The History of Dance
The Italian princess Catherine de Medici married the French Henri II and introduced ballet de cour, or "court ballet" to the Court of France in the sixteenth century. In the 1600's, King Louis XIV especially loved dancing and starring in court productions. When he grew too old and fat to perform he continued to be one of ballet's greatest patrons. He founded the Académie Royale de Danse, which would later become the Paris Opera Ballet.
However, around 1730 danse haute superseded danse basse. Dancers took to the air. Rather than just move elegantly from lovely pose to lovely pose, they began to jump, hop, and leap. And women began to rebel against their restrictive costumes. Marie Sallé literally let her hair down and donned looser clothes for her ballet d'action. Her rival, Marie Ann Cupis de Camargo, took the heels from her shoes and shortened her skirts to better perform the flashy new steps that had heretofore been done exclusively by men. (Entrechat quatre and cabriole)
Marie Taglioni often gets the credit and the blame for being the first to dance on Pointe. But no one really knows for sure. It is established that in 1832 Marie Taglioni danced in the full length La Sylphide on Pointe. Before we consider what Taglioni did and how she did it, let's look at why she rose on Pointe at all. The 1830's were the heart of the Romantic Age. The artists and poets of this era-- Keats, Byron, Shelly and Chopin-- were often concerned with beauty, passion, nature, the supernatural, and the power of love.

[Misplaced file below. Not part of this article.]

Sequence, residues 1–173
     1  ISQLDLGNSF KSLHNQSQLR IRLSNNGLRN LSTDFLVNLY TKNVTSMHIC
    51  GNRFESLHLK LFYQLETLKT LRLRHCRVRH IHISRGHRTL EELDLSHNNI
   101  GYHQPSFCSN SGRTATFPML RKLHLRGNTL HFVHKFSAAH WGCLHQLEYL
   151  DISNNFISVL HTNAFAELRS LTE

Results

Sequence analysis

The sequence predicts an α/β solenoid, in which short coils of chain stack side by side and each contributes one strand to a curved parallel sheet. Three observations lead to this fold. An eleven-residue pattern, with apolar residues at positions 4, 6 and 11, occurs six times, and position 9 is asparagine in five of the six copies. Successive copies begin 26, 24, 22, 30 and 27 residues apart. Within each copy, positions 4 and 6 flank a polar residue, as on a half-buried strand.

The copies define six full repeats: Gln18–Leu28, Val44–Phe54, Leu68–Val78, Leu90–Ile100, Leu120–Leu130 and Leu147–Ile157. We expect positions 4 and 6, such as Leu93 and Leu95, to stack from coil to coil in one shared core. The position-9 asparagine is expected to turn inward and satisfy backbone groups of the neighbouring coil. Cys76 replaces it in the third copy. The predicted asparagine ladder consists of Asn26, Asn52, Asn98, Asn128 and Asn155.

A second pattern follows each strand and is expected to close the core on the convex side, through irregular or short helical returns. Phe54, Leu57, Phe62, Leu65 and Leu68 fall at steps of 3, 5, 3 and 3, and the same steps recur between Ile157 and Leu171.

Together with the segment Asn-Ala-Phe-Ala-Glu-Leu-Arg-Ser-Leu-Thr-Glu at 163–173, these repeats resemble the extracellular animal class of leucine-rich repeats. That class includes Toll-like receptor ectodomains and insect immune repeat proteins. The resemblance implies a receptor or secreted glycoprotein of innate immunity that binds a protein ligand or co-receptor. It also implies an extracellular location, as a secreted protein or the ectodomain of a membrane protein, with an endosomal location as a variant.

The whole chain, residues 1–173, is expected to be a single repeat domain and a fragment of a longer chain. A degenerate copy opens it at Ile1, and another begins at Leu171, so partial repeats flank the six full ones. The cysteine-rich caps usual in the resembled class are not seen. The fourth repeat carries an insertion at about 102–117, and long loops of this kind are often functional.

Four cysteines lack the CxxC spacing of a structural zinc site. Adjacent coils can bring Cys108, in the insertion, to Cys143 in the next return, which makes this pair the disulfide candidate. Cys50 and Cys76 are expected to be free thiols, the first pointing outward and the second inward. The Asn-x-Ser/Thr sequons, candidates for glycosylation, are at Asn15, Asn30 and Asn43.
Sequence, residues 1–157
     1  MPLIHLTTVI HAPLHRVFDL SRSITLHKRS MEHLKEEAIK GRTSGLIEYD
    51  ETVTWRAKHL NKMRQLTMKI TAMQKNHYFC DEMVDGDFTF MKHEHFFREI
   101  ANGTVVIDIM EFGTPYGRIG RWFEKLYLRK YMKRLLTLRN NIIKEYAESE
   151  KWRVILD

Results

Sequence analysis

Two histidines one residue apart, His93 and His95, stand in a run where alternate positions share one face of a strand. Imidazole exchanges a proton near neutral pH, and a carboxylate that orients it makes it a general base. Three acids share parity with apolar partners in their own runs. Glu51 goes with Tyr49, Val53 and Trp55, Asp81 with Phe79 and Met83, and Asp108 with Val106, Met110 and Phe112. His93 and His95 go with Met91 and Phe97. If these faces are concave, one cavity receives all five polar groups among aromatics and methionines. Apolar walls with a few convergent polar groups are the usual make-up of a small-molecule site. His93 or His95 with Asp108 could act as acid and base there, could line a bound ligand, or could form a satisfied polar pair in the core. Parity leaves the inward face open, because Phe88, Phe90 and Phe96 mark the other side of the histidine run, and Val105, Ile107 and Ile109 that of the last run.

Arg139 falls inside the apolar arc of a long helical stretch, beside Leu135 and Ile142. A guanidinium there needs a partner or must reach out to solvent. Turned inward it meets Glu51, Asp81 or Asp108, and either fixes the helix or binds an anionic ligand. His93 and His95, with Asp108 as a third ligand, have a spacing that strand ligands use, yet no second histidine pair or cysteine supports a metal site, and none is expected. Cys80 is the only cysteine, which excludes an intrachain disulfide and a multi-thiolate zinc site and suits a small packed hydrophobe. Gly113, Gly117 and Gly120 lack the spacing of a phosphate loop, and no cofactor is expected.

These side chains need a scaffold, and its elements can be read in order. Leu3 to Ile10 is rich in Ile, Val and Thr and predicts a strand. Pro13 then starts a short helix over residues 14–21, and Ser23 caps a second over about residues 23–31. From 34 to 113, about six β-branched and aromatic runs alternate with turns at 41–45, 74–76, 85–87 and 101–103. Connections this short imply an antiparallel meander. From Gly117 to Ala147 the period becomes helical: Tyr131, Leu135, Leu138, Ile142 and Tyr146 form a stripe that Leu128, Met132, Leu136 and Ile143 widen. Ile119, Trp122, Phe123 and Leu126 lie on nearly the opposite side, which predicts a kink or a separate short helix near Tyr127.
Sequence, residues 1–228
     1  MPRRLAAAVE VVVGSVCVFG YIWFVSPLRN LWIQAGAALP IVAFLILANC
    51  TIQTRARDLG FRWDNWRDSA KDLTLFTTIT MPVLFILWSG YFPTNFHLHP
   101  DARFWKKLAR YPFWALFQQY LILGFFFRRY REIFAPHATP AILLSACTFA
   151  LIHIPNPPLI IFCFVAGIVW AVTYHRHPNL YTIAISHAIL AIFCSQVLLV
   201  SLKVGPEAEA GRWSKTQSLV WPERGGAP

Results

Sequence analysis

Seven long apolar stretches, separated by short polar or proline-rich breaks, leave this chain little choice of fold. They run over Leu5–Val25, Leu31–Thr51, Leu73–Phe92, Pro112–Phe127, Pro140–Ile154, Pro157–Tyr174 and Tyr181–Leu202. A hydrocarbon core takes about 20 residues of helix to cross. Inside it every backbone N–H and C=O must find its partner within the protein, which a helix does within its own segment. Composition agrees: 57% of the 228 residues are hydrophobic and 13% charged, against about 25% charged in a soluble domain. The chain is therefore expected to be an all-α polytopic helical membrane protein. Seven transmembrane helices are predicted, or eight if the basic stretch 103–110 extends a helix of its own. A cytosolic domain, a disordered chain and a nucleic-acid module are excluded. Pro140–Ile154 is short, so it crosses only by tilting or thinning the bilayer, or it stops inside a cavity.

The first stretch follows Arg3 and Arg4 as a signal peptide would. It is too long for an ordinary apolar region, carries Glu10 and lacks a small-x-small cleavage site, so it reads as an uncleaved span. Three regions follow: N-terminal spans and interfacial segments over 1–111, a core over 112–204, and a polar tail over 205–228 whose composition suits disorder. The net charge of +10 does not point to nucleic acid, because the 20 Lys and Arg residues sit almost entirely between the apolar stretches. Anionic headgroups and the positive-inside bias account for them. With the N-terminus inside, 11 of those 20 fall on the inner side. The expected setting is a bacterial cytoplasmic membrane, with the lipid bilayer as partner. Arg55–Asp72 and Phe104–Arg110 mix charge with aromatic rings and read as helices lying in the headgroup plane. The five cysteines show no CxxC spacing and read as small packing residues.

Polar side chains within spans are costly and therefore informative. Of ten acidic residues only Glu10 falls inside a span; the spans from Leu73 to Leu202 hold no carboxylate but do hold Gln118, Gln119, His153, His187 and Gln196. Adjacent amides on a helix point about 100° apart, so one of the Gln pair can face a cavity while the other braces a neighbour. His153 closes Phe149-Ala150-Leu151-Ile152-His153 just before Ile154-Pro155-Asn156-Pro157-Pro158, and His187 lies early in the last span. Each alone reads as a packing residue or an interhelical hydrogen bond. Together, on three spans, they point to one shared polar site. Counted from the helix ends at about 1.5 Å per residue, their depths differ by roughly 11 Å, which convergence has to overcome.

A history of Pointe shoes is also a history of Pointe technique. They evolved together; they created each other. But the Pointe shoe itself is seldom given recognition for its role in steering the development of...